STEVE STRICKER: It's just been bad play here. (Laughter) Hasn't been any bad breaks.
I've got to do some work here. I've got to overcome a few problems I've had in years past, and hopefully I'm playing a little bit better. I feel a little bit more comfortable about my game, so hopefully I can overcome some of those problems I've had in years past here and play well.
Q. It would seem if you looked at your bio and your stat sheet, you know, putting is always so far up there, and this is probably the one where familiarity with the same course every year and putting, would be two things that would be right in your wheel house.
STEVE STRICKER: I've never really putted that well here to tell you the truth, and I don't know if it's the whole -- the greens are very difficult, and I don't know what it is. And that's one of the issues I was going to plan on addressing this week is just spend a lot of time putting, and getting to know the greens.
You know, you could set your ball down in a million different places on these greens to four or five different pin locations, and they all react a little bit differently.
There's so much movement there, and you have to really study them I think and, you know, take the time to understand some of the little breaks and nuances of the greens. So I really have never putted that well here, and I haven't putted so well yet this year. I've been kind of streaky.
So I'm hoping, you know, it all changes this week and put some good putting rounds together and good ball-striking. You need to do it all well here.
Q. Of the first two majors, which is the toughest?
STEVE STRICKER: To win?
Q. Toughest test.
STEVE STRICKER: Toughest test? Good question. I'm becoming to believe that this is more like a U.S. Open course every year. You saw 1-over par win this tournament last year, and I think that's been kind of my misconception coming in here, too, because it's always been some decent scores here. Under par, you know, Tiger won that one year, I don't know, 18-under or whatever, but I think gradually the course is becoming very difficult. And they don't have the rough like a U.S. Open, but the greens are like what we played last year at Oakmont; they are that difficult.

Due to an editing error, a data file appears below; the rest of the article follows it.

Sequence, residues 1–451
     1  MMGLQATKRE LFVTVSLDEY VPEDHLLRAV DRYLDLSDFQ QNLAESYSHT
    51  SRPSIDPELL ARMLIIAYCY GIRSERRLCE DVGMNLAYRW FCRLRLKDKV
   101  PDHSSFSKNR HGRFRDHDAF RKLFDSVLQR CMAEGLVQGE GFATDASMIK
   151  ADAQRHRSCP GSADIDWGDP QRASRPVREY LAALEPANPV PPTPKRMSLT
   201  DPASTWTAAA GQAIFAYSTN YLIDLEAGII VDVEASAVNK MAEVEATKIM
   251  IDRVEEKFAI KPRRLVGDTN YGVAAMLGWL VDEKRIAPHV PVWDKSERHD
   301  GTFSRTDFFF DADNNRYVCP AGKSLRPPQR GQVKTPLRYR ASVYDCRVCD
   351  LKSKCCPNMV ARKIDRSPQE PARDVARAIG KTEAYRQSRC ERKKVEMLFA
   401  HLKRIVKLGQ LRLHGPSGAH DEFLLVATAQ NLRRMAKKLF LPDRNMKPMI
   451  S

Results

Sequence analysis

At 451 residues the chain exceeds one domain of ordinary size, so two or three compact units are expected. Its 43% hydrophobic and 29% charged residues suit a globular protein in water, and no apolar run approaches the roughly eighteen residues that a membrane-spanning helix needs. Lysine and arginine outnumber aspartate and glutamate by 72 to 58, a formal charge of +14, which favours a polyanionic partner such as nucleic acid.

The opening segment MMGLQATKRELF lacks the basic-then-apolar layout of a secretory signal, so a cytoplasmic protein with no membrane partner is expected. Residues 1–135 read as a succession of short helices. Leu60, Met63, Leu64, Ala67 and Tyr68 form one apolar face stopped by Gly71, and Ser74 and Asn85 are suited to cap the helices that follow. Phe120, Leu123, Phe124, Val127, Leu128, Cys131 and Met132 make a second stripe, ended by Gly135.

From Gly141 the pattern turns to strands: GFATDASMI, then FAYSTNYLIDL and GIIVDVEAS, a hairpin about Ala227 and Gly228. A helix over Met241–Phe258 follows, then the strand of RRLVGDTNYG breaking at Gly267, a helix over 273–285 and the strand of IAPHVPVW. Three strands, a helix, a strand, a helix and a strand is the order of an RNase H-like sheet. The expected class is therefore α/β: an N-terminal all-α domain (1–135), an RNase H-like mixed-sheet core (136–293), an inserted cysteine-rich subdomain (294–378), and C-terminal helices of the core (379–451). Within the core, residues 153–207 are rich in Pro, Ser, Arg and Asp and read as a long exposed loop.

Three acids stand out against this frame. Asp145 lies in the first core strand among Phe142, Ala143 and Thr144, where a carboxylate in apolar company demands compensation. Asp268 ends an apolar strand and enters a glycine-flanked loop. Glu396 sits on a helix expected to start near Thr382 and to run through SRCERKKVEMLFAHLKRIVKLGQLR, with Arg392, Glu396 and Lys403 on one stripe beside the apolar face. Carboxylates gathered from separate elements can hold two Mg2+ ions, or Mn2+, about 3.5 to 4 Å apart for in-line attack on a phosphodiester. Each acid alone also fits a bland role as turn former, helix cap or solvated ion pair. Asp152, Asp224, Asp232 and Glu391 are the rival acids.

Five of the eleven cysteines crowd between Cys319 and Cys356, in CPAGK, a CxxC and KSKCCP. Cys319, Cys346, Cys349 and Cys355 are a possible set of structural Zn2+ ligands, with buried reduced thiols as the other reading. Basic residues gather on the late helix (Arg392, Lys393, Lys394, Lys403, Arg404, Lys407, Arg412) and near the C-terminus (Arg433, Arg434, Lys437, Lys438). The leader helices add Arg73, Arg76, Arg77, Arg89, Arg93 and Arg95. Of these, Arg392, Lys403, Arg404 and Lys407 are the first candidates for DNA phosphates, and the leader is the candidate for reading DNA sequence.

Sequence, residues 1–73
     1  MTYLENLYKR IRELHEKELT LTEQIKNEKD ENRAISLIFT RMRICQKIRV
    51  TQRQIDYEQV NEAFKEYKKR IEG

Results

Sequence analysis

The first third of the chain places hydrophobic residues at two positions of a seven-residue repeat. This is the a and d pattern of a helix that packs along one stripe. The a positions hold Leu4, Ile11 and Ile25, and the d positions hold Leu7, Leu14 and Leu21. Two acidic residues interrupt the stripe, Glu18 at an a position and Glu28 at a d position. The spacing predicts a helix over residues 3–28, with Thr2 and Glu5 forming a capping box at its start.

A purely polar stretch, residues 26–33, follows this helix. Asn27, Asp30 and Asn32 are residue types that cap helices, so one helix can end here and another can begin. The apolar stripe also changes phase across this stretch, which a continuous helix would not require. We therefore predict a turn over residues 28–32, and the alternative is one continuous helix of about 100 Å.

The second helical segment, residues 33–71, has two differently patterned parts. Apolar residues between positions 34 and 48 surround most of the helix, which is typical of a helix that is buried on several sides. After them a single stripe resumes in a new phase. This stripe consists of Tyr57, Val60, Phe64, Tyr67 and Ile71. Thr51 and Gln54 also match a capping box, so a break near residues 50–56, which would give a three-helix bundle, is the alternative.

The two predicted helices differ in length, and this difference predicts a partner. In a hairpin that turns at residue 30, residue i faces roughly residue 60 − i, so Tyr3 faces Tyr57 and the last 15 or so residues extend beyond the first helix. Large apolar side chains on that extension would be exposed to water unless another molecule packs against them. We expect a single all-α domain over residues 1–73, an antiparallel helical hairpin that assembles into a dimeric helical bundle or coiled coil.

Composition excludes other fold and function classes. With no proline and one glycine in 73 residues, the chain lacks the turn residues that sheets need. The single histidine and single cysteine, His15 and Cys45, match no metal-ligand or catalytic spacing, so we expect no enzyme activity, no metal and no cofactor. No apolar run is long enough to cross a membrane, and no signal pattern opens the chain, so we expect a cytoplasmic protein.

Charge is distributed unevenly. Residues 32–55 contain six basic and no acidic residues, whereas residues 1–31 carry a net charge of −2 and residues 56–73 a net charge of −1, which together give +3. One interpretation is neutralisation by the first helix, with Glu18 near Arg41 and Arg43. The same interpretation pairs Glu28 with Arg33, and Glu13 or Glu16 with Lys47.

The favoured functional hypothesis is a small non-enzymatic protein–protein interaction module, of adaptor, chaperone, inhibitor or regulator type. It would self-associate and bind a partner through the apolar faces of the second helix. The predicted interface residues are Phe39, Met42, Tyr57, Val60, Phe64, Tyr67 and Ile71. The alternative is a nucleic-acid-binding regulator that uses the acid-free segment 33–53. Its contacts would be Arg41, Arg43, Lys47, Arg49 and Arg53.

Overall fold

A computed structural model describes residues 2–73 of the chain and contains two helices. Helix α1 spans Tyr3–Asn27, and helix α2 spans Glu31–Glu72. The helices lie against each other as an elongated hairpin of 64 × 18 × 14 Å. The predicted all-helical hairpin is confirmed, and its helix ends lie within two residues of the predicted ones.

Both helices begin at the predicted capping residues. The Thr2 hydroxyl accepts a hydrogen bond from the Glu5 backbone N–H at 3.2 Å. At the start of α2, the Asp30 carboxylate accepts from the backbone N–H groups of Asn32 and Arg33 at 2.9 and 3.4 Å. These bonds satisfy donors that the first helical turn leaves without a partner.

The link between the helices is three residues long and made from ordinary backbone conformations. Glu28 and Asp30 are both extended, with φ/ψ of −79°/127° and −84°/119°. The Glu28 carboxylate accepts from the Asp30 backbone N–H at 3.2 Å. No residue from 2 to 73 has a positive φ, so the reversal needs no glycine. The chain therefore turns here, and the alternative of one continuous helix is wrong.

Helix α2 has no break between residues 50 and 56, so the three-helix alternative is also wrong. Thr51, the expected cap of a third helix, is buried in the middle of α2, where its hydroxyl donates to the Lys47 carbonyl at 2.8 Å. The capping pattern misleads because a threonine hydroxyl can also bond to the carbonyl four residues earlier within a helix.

So I really do believe it's becoming, you know, more like a U.S. Open-style -- not style, but the same score is going to win here but more like an Open. Two different types of courses; you have rough at the Open and none here, but I think this is just as difficult as an Open.
Q. I read a description of here that said off the fairway or off the tees, the fairways are generous width and not a lot of bunkers and there's really not an abundance of water hazards and OBs and all that, but that it might be the toughest course in America for a hundred yards in; assuming you buy that in general principle, could you explain why?
STEVE STRICKER: I don't necessarily agree with the wide-open-fairways-and-you-can-hit-it-anywhere theory here.
I actually believe that it's a good-driving golf course, and they have toughened it up over the years by bringing in pine trees and narrowing some of the landing areas. I mean, you can rip off a lot of holes that they have really done that to and made them a lot tougher.